THE MAJORITY of employee thefts are occurring in organizations with 500 employees or less and the median loss is $357,650, according to a report by Hiscox, a specialty insurer.

The main types of crime are outright theft of cash and check fraud, with rogue employees writing checks to acquaintances and trying to cover their tracks in the firm’s accounting system.

According to the Hiscox Embezzlement Watchlist:

  • 79% of cases included more than one perpetrator. The average number of people involved was three.
  • 85% of cases were perpetrated by a manager or executive.
  • 70% of cases lasted more than a year.
  • 31% of crimes went on for three years or longer.
  • 33% of perpetrators worked in accounting or finance.
  • Only 39% of embezzled funds were recovered on average, through settlements, restitution or insurance.
  • Nearly 75% of total losses included direct theft of cash or misuse of bank deposits or transfers.

Prime suspects

You have to be proactive in your fraud detection efforts, Doug Karpp, national underwriting leader for Crime & Fidelity at Hiscox, says.

For small business owners, Hiscox recommends:

  • Sending bank statements directly to your home for a review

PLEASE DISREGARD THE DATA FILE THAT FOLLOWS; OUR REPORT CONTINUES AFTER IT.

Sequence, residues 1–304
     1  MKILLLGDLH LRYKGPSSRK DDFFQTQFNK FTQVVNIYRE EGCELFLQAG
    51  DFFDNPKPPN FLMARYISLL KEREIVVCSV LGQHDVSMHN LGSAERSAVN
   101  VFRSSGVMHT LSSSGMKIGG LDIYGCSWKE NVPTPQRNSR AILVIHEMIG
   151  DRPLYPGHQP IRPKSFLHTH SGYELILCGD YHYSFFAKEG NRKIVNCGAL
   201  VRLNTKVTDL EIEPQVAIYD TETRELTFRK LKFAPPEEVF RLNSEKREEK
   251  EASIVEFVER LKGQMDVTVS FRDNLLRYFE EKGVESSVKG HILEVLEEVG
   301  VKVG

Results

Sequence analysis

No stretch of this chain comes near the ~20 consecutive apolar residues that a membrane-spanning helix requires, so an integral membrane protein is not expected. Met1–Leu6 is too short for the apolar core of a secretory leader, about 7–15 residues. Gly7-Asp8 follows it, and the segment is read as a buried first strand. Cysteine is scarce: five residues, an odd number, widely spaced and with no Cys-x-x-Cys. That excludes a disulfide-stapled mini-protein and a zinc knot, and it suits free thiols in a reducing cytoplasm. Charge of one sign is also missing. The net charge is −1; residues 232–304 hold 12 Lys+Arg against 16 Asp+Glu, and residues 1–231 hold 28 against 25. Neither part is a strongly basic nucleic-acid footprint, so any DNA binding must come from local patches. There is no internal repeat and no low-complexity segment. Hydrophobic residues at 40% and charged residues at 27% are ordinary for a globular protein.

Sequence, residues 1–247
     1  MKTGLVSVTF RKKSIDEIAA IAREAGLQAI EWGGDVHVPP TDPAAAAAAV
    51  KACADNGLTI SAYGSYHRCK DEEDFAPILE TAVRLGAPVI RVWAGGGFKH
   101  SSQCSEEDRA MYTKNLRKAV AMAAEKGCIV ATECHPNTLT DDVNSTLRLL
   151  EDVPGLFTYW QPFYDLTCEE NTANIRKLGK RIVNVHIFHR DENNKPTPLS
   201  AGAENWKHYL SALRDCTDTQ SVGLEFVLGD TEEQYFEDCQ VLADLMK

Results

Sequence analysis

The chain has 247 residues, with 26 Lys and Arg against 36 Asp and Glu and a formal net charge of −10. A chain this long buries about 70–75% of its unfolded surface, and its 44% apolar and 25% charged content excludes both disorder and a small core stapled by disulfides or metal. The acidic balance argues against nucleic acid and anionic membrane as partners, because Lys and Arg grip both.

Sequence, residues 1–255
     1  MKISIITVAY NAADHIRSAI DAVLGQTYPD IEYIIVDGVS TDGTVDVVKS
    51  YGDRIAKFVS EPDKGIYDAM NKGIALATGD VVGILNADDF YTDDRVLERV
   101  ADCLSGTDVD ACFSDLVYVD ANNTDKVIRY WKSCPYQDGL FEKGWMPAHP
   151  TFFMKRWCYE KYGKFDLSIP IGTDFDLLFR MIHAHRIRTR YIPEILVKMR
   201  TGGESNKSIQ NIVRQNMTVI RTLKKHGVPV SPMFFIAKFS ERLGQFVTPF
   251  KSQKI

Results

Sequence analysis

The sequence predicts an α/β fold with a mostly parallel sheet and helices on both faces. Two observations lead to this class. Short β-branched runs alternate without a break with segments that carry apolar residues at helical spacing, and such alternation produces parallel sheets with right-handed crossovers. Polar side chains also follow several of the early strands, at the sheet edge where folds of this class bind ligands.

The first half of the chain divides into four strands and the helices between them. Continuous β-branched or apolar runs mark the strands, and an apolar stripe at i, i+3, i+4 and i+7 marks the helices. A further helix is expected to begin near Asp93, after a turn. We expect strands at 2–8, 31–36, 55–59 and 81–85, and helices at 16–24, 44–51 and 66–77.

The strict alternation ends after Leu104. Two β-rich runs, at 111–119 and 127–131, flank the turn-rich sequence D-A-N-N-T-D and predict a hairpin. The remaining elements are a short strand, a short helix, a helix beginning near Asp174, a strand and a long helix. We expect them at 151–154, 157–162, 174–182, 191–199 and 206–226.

to ensure they can’t be falsified prior to reconciling accounts;
  • Periodically reviewing payroll reports to look for anomalies; and
  • Signing all of the checks yourself

For all organizations, Hiscox recommends:

  • Establishing best practices in accounting. Businesses should mandate dual signatures or dual review on disbursements. It is also important to create separation in key business processes.
    For instance, separate the money from record-keeping so that no single employee can control a process from beginning to end, and don’t let the accounts payable person reconcile bank accounts.
  • Bringing fraud deterrence into the light. Provide a short training session for all employees to illustrate the damaging impact of fraud and abuse and provide practical advice on how to spot fraud.
  • Setting the tone at the top. Have everyone from management, audit and the leadership team talk about fraud prevention. Be sure employees are aware of internal controls and ask them
    if they know of any weaknesses in the controls and how to improve them.
  • Setting up a hotline. These are an excellent way to promote reporting of misconduct and reflect a culture of integrity.
  • Conducting comprehensive audits that specifically look for fraud. Surprise audits are particularly effective because
    fraudsters will not have time to alter, destroy or misplace records and other evidence.

What to do

  • 20% of COVID-19 medical claims had an inpatient stay.
    Of those claimants with an inpatient stay, 19% were in an ICU for some portion of their time in hospital.
  • The average length of inpatient stays for COVD-19 medical claims was 7.5 days.
  • The average cost per day was $5,400, totaling on average $38,500 per inpatient stay.
  • COVID-19 medical claims requiring an ICU visit tended to incur longer and more expensive inpatient stays, at 11.5 days and $67,300 per inpatient stay, respectively.

Source: National Council on Compensation Insurance

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